Example. A church does not have a group health plan for its employees. Instead, employees purchase their own health insurance through private insurers, and the church reimburses employees who substantiate the amount of the health insurance premium they paid. Prior to the Affordable Care Act, the employer’s reimbursement of insurance premiums under such an arrangement was a nontaxable fringe benefit, subject to some conditions.

Example. The same facts as the previous example, except that the church paid the insurance companies directly for the cost of health insurance premiums on policies secured by their employees. Prior to the Affordable Care Act, the employer’s payment of insurance premiums under such an arrangement was a nontaxable fringe benefit, subject to some conditions.

IRS Notice 2013-54

In 2013, the IRS and Departments of Labor and Health and Human Services addressed the continuing availability of these plans under the Affordable Care Act. IRS Notice 2013-54. The Notice concluded that two of the Affordable Care Act’s “market reforms” apply to all “group health plans,” with a few exceptions, and it defined group health plans to include plans under which “an employer reimburses an employee for some or all of the premium expenses incurred for an individual health insurance policy … or arrangements under which the employer uses its funds to directly pay the premium for an individual health insurance policy covering the employee” (collectively, an “employer payment plan”).

The Affordable Care Act contains several “reforms” of the health insurance market (the “market reforms”) that apply to “group health plans” effective January 1, 2014. The market reforms include:

  • The “annual dollar limit prohibition.” A group health plan may not establish any annual limit on the dollar amount of benefits for any individual.
  • “The preventive services requirement.” Employer-sponsored group health plans must provide certain preventive services without imposing any cost-sharing requirements for these services on employees.

IRS Notice 2013-54 concludes that, in most cases, employer payment plans will fail to meet these market reforms and will be unlawful under the Affordable Care Act because they typically impose limits on benefits in violation of the annual dollar limit prohibition. The Notice explains:

A group health plan, such as an employer payment plan, that reimburses employees for an employee’s substantiated individual insurance policy premiums must satisfy the market reforms for group health plans. However, the employer payment plan will fail to comply with the annual dollar limit prohibition because (1) an employer payment plan is considered to impose an annual limit up to the cost of the individual market coverage purchased through the arrangement, and (2) an employer payment plan cannot be integrated with any individual health insurance policy purchased under the arrangement.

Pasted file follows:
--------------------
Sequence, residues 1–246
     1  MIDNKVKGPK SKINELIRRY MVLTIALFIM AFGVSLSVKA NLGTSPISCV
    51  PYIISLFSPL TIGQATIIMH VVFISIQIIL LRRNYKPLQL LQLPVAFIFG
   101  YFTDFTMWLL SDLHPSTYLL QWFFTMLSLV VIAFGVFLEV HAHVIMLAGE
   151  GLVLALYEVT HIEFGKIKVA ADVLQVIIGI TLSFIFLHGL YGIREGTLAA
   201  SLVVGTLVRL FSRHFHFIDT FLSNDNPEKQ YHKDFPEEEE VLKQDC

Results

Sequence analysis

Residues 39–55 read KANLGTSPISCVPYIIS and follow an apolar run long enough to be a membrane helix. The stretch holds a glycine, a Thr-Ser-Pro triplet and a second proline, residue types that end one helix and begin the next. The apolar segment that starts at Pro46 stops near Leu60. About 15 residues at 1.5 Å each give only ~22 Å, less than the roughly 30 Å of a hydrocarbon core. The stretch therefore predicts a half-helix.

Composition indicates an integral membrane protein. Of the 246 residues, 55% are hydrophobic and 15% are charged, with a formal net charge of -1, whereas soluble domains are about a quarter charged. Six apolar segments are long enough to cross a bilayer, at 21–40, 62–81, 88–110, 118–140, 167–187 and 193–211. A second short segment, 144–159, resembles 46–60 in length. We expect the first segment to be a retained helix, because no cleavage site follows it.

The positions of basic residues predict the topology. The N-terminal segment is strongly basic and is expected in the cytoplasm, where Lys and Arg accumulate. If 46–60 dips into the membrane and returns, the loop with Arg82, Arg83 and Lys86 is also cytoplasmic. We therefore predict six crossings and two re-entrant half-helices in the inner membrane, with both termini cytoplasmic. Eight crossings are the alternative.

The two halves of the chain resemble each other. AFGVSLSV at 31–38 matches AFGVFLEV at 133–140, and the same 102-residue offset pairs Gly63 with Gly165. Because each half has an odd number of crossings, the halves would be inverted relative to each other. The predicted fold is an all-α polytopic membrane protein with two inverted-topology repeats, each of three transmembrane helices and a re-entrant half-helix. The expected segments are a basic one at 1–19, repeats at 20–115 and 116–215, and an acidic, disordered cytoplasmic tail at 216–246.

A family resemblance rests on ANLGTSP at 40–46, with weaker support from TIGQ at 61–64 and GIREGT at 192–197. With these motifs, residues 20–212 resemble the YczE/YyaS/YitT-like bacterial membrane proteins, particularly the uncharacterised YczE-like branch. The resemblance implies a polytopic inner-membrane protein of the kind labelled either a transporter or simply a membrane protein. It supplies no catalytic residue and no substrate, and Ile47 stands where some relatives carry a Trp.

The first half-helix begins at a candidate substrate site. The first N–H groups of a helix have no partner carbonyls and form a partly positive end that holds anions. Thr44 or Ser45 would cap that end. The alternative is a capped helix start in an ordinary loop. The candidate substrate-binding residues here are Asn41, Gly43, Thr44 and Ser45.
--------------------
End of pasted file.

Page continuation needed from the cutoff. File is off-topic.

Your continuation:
a hefty penalty
The Affordable Care Act added section 4980D to the tax code, which imposes a $100 per day per employee penalty on group plans that fail to meet the health insurance market reforms of the Act. Section 4980D(b)(3)(C) exempts “church plans” from this penalty. However, this does not mean that churches that continue to maintain employer payment plans are exempt from the $100 per day per affected employee penalty. This is so for two reasons.

First, and most importantly, the Affordable Care Act amends not only the federal tax code, but also ERISA and the Public Health Service Act (PHSA), and there are separate enforcement mechanisms under each statute. Churches are exempt from ERISA, but they are not exempt under the PHSA, which includes the identical penalties as section 4980D of the tax code for violations of the health insurance market reforms ($100 per day per affected employee). In short, while it is true that church plans are exempt from the $100 per day penalty under section 4980D, they are not exempt from the identical penalty under the PHSA.

Second, the IRS penalties under section 4980D are avoided only for entities meeting the technical definition of a “church plan.” Not all employer payment plans maintained by churches will satisfy this definition.

Employer Payment Plans

IRS Revenue Ruling 61-146 defines an employer payment plan as any plan under which “an employer reimburses an employee for some or all of the premium expenses incurred for an individual health insurance policy … or arrangements under which the employer uses its funds to directly pay the premium for an individual health insurance policy covering the employee.”

The bottom line is that the $100 per day excise tax penalty applies to any group plan that fails to incorporate all of the Affordable Care Act’s market reforms (a virtual impossibility), based not only on section 4980D of the tax code but on an identical provision in the PHSA.

The PHSA provides the following possible adjustments of the $100 per day penalty:

In the case of 1 or more failures with respect to an individual—(I) which are not corrected before the date on which the plan receives a notice from the Secretary of such violation; and (II) which occurred or continued during the period involved; the amount of penalty imposed … by reason of such failures with respect to such individual shall not be less than $2,500 [or $15,000 if “more than de minimis”] … .

No penalty shall be imposed … on any failure during any period for which it is established to the satisfaction of the Secretary that the person otherwise liable for such penalty did not know, and exercising reasonable diligence would not have known, that such failure existed … .